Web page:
emergency stay

The Supreme Court has frozen a district court order that lifted Alabama’s ban on curbside voting. As a result, curbside voting must discontinue in Alabama.

Alabama law is silent on curbside voting. A number of Alabama counties were offering it due to COVID-19. Alabama’s Secretary of State, John Merrill, has taken the position that curbside voting violates state law and has banned it. A federal district court...

The Supreme Court has frozen in place a district court order requiring the Census Bureau to continue counting people through October 31. As a result, the Census Bureau may immediately stop the count.  

The Census Bureau lost 47 dates of field operations (counting people) due to COVID-19 between March and May. In April it announced it would extend field operations until October 31. In August it changed the ending date of field operations to September 30...

Since April 2020 the Supreme Court has handled numerous emergency requests related to COVID-19. Requests involving stay-at-home orders and judge-made changes to elections laws are of most interest to states and local governments. The trends in both categories of cases is clear but the reasons are murky. Oftentimes none of the Justices announce, much less explain, their vote.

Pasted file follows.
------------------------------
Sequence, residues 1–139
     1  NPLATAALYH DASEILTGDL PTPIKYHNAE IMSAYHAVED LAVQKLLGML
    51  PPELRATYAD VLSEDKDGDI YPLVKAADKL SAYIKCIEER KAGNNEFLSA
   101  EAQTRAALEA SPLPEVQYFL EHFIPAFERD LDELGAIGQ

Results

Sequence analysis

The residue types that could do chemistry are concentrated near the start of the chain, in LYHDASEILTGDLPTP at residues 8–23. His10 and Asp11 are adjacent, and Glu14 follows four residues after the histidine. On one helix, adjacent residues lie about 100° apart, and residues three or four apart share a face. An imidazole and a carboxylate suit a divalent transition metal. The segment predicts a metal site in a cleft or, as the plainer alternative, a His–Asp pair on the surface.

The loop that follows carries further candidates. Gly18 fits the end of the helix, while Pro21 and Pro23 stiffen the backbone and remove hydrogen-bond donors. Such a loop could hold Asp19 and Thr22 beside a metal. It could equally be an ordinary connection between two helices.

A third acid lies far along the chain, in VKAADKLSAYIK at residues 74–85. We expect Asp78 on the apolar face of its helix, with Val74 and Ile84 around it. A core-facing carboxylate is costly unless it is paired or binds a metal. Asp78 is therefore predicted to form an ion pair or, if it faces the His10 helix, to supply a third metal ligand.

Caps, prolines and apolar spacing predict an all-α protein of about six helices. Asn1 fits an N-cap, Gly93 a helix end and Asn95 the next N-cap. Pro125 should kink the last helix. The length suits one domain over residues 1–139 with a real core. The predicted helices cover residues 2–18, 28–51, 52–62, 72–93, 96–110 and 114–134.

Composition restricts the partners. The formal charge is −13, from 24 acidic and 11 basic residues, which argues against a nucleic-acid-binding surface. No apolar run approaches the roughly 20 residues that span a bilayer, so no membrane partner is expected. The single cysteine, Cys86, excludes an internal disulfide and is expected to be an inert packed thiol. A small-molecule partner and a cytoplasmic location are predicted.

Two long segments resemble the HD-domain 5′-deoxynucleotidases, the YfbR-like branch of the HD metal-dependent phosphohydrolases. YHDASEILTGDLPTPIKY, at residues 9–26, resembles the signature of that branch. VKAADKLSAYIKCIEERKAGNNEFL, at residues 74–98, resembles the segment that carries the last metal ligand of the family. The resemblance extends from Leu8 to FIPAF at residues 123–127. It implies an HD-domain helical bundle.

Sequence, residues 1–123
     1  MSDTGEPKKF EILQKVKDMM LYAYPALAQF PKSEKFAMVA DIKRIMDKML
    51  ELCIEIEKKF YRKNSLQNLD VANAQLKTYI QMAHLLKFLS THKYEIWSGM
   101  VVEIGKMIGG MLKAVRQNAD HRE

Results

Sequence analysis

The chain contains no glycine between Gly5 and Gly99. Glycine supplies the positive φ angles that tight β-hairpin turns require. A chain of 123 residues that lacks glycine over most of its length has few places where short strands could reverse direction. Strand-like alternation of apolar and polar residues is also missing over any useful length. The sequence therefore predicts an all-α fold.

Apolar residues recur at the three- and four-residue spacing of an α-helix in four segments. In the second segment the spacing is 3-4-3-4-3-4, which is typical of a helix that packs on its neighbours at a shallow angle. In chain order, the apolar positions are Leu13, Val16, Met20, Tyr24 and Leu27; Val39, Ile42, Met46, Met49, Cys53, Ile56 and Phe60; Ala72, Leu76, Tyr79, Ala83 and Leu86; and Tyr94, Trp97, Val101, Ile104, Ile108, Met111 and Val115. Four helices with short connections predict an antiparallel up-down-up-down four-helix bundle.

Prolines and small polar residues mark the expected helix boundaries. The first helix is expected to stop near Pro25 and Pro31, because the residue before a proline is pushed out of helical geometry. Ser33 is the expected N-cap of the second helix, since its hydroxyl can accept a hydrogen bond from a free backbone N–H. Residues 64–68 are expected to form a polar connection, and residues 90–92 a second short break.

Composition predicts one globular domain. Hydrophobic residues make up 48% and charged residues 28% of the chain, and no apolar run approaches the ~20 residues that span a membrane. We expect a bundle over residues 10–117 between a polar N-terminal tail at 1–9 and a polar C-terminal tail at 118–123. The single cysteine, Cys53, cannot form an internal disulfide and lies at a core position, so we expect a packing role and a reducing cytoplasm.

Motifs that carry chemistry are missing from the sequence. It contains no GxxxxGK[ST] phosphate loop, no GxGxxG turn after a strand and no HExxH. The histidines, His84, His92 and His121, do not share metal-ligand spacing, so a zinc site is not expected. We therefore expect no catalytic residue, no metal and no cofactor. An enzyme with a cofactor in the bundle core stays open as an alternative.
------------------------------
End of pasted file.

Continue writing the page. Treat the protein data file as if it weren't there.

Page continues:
In these emergency requests the challenger isn’t asking the Supreme Court to decide the case on the merits. Instead, it is either asking the Supreme...

The Supreme Court refused to overturn a consent decree in which Rhode Island state government officials agreed, due to COVID-19, to not enforce state law requiring the signature of two witnesses or a notary public for mail ballots.

The Court issued a statement noting that it stayed a court order in a case from Alabama similar to the consent decree in this case. However, according to the Court, in this case no state officials object to the consent...

The Supreme Court has not allowed a federal district court order to go into effect which required Oregon to include a ballot initiative with only 50 percent of the signatures required by Oregon’s constitution, due to the COVID-19 pandemic.

The Oregon Constitution requires advocates of ballot initiatives to obtain signatures equal to eight percent of ballots cast in the most recent governor’s race (here about 150,000) four months before the...

Pages